My Unsung Hero: A therapist remembers someone who comforted her on a bad day
MARY LOUISE KELLY, HOST:
Let's turn now to "My Unsung Hero," a series from the podcast Hidden Brain. It's a collection of stories about people whose kindness left a lasting impression on someone else. Today's installment comes from therapist and author Lori Gottlieb, remembering a particularly bad day at work. After she got the news that a beloved patient of hers had died, she excused herself to the bathroom. When she was alone, she started to break down.
LORI GOTTLIEB: As I'm crying in the bathroom, a person walks in who's dressed professionally, who I assume is another therapist on the floor. And she says, are you OK? And I said, yes, my - this patient that I was incredibly close with died. And even though I knew she was going to die, it's - the finality of it is really hitting me hard. And she was just so empathetic. She didn't really say a lot. She just sort of, oh, that must be so hard. I understand. Yeah, that's awful. You know, those kinds of things. But it was just that she connected with me, that she saw me, that I wasn't alone in my sadness for that minute.
The next day, sitting in the waiting room was a package for me. It had my name on it. So this person figured out, I guess, who I was. And it was a package of, like, bath salts and lovely teas and a chocolate bar. And it was not from another therapist. It was from another patient, somebody who had been coming to see another therapist on our floor who happened to be using the bathroom. And what she wrote in the note was that seeing me cry over the loss of my patient was profound for her because it reminded her how much her own therapist must care about her.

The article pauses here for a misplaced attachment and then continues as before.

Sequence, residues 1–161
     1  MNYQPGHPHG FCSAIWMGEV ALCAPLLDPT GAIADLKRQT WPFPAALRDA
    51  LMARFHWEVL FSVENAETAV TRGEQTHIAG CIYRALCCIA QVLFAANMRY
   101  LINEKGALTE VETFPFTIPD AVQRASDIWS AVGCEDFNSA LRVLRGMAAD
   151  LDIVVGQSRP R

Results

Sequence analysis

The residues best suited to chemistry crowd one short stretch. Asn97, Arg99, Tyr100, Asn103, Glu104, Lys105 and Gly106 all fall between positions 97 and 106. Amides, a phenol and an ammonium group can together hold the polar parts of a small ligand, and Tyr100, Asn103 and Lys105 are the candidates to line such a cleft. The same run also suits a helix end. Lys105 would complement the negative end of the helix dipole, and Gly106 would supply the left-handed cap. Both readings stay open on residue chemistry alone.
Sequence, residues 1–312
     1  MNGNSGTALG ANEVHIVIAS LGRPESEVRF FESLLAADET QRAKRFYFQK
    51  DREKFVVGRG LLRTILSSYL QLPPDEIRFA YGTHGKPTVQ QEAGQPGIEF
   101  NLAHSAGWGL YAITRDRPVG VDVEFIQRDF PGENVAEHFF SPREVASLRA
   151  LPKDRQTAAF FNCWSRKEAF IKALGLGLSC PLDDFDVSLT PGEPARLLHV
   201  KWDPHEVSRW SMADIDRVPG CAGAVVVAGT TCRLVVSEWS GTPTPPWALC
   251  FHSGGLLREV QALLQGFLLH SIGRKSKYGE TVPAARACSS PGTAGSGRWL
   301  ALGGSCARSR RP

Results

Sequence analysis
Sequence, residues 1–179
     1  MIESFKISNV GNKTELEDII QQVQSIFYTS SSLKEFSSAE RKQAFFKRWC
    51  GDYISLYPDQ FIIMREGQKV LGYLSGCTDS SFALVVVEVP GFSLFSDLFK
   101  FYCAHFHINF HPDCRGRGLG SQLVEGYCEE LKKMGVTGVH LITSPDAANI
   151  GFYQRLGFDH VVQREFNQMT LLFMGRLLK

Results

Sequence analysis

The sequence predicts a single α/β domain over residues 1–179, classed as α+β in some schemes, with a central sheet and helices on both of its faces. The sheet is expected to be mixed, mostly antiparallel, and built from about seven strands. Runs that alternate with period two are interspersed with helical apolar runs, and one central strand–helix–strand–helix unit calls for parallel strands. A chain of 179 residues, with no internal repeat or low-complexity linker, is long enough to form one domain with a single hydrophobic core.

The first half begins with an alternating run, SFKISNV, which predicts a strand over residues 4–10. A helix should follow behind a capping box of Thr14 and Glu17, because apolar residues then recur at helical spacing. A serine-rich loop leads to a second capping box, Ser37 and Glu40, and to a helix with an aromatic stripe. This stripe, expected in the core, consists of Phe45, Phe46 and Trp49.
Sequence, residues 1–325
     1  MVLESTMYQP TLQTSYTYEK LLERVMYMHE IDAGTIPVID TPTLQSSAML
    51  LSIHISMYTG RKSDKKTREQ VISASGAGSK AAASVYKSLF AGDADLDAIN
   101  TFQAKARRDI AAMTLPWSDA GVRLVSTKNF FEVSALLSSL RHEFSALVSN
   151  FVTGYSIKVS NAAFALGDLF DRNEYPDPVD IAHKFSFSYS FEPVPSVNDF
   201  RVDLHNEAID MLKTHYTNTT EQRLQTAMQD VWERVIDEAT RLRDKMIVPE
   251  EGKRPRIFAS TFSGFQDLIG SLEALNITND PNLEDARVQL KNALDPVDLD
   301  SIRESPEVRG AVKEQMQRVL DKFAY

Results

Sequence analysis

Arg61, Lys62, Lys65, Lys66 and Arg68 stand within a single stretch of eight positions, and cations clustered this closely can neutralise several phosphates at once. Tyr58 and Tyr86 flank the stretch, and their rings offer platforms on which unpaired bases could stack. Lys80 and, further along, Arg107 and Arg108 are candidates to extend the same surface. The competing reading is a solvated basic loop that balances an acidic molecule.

And she wanted me to know that patients care just as much about their own therapists. And she said that we therapists think of ourselves as taking care of our patients, but it looked like I needed someone to take care of me, too. And she wanted to do that for me. And she signed it, somebody else's patient.
GOTTLIEB: She wasn't expecting anything back from me. In fact, she signed her letter anonymously for that reason. She was making it very clear that there was nothing transactional about it at all. It was just human to human, I see you, I was there with you in your pain. And, you know, I hope you're doing OK. How beautiful is that?
KELLY: Really beautiful. Lori Gottlieb is the co-host of the podcast "Dear Therapist." Her latest book is called "Maybe You Should Talk To Someone." You can find more stories from "My Unsung Hero" wherever you get your podcasts. And to share the story of your unsung hero, record a voice memo on your phone and email it to firstname.lastname@example.org. Transcript provided by NPR, Copyright NPR.